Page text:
Americans (82 percent) place a higher priority on preserving the religious freedom of Christians than for other religious groups.

Solid majorities said it was extremely or very important for the U.S. to uphold religious freedom in general. However, the percentages varied when respondents were asked about specific religions, according to a 12/10-13, 2015 poll by The Associated Press and the NORC Center for Public Affairs Research.

Eighty-two percent said religious liberty protections were extremely or very important for Christians, compared with 71 percent who said the same for Jews; 67 percent for Mormons and 61 percent for Muslims.

Since the difference between 82 percent and 61 percent is only 21 points; and since a majority of all Americans said it was very or extremely important to uphold religious freedom for all the religions mentioned: that is good news.

Also those polled were asked about protecting religious freedom, in the shadow of recent Islamic extremist attacks in Paris and San Bernardino, California. In a few months, if there are no more such incidents, things might look better.

But the bad news comes when you look at American’s political loyalties in the survey: 88 percent of Republicans said it was important to protect the religious liberty of Christians, while only 60 percent said so for Muslims, a 28 point difference.

Democrats however, were slightly less concerned about religious freedom for Christians and slightly more concerned about protecting religious freedom for Muslims. Eighty-three percent of Democrats said religious freedom protections were important for Christians, while only 67 percent said the same about Muslims, only a 16 point difference.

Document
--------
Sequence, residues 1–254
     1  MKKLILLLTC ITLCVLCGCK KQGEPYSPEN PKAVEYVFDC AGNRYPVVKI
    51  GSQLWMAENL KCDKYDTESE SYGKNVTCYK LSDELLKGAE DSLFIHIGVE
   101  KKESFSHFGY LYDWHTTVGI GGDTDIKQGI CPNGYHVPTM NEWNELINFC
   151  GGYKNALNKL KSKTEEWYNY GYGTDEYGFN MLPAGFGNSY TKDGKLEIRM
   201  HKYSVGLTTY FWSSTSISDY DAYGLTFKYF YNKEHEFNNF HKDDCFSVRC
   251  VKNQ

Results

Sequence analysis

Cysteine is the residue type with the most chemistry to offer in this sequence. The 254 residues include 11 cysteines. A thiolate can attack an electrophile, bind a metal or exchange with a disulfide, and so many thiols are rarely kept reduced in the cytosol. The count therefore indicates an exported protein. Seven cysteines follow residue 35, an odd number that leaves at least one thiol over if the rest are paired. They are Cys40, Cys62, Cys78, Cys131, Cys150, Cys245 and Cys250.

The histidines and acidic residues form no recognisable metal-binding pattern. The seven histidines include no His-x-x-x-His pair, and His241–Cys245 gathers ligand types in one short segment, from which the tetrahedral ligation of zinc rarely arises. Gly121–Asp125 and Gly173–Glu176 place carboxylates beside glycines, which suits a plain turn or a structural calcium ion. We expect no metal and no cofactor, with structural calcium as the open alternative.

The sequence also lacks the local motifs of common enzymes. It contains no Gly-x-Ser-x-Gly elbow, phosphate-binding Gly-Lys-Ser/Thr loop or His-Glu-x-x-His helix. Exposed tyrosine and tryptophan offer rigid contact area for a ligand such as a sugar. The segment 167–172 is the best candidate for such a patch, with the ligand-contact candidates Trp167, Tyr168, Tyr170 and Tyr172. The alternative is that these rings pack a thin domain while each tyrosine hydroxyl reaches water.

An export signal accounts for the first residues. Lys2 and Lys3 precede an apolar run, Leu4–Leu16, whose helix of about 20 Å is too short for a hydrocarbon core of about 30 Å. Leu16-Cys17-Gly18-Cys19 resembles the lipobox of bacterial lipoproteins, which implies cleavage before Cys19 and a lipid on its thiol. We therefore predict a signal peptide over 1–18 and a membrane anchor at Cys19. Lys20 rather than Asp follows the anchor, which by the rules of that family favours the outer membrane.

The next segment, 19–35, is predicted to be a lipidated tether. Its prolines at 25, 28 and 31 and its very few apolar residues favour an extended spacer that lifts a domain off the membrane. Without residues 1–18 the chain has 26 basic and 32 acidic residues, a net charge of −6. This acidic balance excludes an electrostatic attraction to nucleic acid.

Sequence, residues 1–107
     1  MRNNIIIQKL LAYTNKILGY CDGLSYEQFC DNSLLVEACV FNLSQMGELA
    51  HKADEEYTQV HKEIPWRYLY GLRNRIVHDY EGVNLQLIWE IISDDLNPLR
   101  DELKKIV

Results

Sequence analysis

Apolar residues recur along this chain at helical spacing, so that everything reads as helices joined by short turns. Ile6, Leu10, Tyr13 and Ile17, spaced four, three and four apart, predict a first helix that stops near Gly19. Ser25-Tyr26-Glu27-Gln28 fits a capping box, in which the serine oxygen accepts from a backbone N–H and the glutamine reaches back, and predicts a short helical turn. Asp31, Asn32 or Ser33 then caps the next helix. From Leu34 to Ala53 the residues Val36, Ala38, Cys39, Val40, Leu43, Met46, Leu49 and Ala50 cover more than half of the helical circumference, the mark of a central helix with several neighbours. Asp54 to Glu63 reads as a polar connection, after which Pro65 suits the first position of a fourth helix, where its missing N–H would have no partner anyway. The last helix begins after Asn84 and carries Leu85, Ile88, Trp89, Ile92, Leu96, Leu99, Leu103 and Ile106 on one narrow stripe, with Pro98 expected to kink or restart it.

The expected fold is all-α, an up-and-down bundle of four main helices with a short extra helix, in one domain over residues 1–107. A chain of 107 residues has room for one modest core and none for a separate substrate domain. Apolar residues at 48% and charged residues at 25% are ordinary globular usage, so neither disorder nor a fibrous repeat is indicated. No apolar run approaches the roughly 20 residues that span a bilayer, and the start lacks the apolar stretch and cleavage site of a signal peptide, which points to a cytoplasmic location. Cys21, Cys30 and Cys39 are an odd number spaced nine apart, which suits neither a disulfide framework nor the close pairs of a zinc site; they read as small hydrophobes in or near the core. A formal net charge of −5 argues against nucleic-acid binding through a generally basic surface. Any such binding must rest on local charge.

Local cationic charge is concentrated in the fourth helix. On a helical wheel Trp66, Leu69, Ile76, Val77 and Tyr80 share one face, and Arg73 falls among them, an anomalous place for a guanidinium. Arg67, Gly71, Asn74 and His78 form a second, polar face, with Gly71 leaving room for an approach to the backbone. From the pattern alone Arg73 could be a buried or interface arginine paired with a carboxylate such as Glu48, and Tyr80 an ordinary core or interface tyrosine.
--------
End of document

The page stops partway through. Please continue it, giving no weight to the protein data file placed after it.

Thus, the gap between the two parties is large and growing. Also, although both Jews and Mormons are minorities; Jews, who are mostly Democrats, are much more favorable to protecting the religious rights of Muslims than Mormons, who are mostly Republicans.

Perhaps our religious and political leaders should constantly repeat the lesson of the German Protestant theologian Pastor Martin Niemöller (1892–1984) about the cowardice of German intellectuals following the Nazis’ rise to power and the subsequent purging of their chosen targets, group after group:

First they came for Socialists, and I did not speak out— Because I was not a Socialist.
Then they came for Trade Unionists, and I did not speak out— Because I was not a Trade Unionist.
Then they came for Jews, and I did not speak out— Because I was not a Jew.
Then they came for me— and there was no one left to speak out for me.